Analyst: Accused bomber responding to interrogators
CNN security analyst Ken Robinson
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(CNN) -- Jordanian authorities have detained an Iraqi woman accused of planning to be the fourth suicide bomber in last week's attacks in Amman that killed 57 people.
CNN anchor Miles O'Brien spoke Monday with CNN security analyst Ken Robinson about Saijida Mubarak Atrous al-Rishawi, who described in a televised confession how the attacks were planned.
O'BRIEN: Let's talk about ... what's going on right now, the interrogation of this woman. What do we know about Jordanian tactics, and what do you suppose she might know?
ROBINSON: Well, Jordanian tactics are not the same as those in the West, and they're pretty direct. But it appears that this woman is responding. ...
O'BRIEN: So when you say direct, is she being tortured?
ROBINSON: I don't think so.
ROBINSON: I think she's responding to the direct approach ... which is, did you do it? Yes, I did, and here's how I did it. She appears to be reconciled with her fate, and she's simply answering exactly what she did and what her role in it [was] as she knew it.
O'BRIEN: Why do you think the Jordanians were so quick to put her videotaped confession on television?
ROBINSON: I think it was very important for the king to be able to demonstrate that his security services were involved in solving this problem. It also demonstrates so that they can hear her accent and know that she was from Iraq and not a Jordanian.
They make very clear distinctions between accents and between family names of knowing tribally where someone is from to show that it wasn't a Jordanian issue, it was an Iraqi issue, it was outsiders.
O'BRIEN: Why are Iraqis exporting this brand of terrorism?
ROBINSON: Well, I don't know that it's Iraqis. ... It's interesting that Iraqis have chosen to become suicide bombers.
We haven't seen a lot of that. We've seen a lot of Sunnis from Saudi Arabia or from Syria do it. This is, in my mind, an interesting point.
The issue of [Jordanian-born militant Abu Musab] al-Zarqawi exporting and trying to attack the Hashemite kingdom is because he hates it. He wants to overthrow it. He wants to see the king gone.
He has a lot of bad blood between him and that regime. They imprisoned him before. He has been sentenced to death in absentia from there.
He tried to blow up the same hotel during the millennium, the millennium bombing plot which was thwarted by the Jordanians. And his intent is to take the Hashemite kingdom down to create instability in the Middle East and to try to take the Middle East back to the 13th century. Miles, they want to go back to Wahhabism and Salafism.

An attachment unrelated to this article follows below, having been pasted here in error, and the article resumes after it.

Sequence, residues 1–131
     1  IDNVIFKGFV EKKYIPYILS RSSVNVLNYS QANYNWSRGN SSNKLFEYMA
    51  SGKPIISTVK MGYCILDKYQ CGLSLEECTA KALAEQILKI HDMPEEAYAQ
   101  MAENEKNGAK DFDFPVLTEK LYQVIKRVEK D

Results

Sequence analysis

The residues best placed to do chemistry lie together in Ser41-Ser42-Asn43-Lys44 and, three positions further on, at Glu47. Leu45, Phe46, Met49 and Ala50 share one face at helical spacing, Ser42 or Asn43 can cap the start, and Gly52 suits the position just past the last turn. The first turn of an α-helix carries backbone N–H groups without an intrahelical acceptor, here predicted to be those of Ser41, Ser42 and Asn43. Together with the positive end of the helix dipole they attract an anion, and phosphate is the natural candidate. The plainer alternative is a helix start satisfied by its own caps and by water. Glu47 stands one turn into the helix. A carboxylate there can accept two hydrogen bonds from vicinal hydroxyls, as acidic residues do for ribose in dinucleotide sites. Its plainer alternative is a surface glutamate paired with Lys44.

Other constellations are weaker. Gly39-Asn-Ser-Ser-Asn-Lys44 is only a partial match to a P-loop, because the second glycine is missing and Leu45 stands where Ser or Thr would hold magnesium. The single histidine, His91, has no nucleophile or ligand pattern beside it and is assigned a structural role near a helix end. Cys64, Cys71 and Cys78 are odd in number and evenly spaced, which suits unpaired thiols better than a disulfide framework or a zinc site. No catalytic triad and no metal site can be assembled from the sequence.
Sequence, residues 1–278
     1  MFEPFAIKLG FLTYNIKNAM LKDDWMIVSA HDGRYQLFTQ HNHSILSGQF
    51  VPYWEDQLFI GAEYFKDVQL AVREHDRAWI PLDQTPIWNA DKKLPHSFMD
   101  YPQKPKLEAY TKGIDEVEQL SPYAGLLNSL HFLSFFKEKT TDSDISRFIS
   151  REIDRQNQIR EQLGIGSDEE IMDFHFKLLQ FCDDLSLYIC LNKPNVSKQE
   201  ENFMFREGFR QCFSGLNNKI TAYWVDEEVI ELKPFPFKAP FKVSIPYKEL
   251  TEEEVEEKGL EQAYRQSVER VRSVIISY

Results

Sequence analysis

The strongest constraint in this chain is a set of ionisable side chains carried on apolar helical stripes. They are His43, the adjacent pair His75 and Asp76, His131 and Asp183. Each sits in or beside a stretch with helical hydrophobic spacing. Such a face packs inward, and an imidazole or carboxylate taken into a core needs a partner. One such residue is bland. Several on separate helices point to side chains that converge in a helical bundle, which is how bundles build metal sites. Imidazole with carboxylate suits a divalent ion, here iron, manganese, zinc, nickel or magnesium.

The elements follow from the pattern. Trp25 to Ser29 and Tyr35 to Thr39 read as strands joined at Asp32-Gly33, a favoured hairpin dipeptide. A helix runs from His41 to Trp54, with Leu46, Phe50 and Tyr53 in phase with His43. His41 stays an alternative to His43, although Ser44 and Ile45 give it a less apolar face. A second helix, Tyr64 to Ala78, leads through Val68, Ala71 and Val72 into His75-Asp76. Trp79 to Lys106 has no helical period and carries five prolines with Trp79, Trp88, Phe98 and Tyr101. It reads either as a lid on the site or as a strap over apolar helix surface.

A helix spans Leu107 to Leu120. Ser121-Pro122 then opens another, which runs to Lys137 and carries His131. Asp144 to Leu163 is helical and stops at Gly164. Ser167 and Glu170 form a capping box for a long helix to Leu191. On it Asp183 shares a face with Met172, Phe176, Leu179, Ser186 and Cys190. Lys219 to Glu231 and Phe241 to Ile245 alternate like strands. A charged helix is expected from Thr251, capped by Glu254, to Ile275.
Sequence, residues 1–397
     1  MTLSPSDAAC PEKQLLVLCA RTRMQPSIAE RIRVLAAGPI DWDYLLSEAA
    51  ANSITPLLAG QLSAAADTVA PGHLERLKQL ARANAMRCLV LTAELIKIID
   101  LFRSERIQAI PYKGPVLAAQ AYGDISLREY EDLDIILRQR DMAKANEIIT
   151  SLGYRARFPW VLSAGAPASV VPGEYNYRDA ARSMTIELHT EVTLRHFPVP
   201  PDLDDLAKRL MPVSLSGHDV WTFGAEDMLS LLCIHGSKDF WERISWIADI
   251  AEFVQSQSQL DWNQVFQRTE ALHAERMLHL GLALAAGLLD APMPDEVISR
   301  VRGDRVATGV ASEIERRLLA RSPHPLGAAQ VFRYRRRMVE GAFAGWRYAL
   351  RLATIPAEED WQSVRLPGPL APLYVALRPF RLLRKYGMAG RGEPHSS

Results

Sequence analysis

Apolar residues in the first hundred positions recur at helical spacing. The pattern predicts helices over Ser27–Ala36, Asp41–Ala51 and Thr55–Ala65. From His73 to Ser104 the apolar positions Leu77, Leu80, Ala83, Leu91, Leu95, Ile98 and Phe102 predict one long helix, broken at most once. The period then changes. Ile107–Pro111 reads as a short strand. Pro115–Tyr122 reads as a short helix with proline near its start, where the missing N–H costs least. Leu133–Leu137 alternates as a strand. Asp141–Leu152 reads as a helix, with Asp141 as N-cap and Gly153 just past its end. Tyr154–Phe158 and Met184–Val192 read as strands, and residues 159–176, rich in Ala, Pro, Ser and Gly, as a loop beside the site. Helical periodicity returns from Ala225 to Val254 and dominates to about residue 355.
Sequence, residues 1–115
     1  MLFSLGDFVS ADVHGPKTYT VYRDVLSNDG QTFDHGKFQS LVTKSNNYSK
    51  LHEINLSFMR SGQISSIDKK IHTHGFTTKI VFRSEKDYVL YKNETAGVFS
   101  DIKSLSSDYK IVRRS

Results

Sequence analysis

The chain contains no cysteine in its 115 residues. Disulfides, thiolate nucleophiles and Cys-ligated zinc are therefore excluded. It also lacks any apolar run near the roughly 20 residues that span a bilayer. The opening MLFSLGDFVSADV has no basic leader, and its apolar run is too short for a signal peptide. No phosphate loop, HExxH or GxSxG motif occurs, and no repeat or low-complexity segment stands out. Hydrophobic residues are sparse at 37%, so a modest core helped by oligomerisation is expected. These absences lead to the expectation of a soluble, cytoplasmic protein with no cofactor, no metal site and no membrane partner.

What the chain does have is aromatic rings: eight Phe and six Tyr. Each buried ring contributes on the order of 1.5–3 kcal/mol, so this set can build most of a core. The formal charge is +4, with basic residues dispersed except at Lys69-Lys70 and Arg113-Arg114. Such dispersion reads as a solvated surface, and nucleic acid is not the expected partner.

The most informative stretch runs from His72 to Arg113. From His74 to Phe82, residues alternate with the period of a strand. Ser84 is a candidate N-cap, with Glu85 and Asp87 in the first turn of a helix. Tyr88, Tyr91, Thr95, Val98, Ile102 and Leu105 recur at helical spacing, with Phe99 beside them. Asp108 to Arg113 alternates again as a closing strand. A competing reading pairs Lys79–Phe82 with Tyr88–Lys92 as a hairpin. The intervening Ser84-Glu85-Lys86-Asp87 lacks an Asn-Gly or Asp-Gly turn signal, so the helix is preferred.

O'BRIEN: Well, let's get -- let's get a little perspective check here, because we've been talking so much about how these spontaneous demonstrations in the streets of Amman have indicated kind of a backlash there. The other side of this, and we wouldn't see any evidence of this that we could get videotape of, is this might very well create a whole new realm of recruits, Jordanian recruits, to engage in that kind of -- that kind of act in Jordan as well as fueling the terror campaign in Iraq.
ROBINSON: Well, I think that the U.S. presence is the largest magnet toward fueling recruitment ... within the Iraqi area. It has created a magnet that is drawing these jihadists from all over.
I think that because they targeted a wedding, which is the basic element of their structure of culture of union of two tribes, unions of people, the most heinous type of a target they could have selected, I think it's going to have just the opposite effect. It will be very divisive and cause the Jordanians to become very nationalistic.
Now, there are certain disenfranchised Jordanians who are really Palestinian who have been crossing over into Iraq and joining al-Zarqawi.
O'BRIEN: A quick final thought. Did the bomb really not detonate, or did she get cold feet? What do you think?
ROBINSON: You know, there's really no way to tell, Miles, except for the forensics of the people that actually hold the trigger. I think it could go either way.
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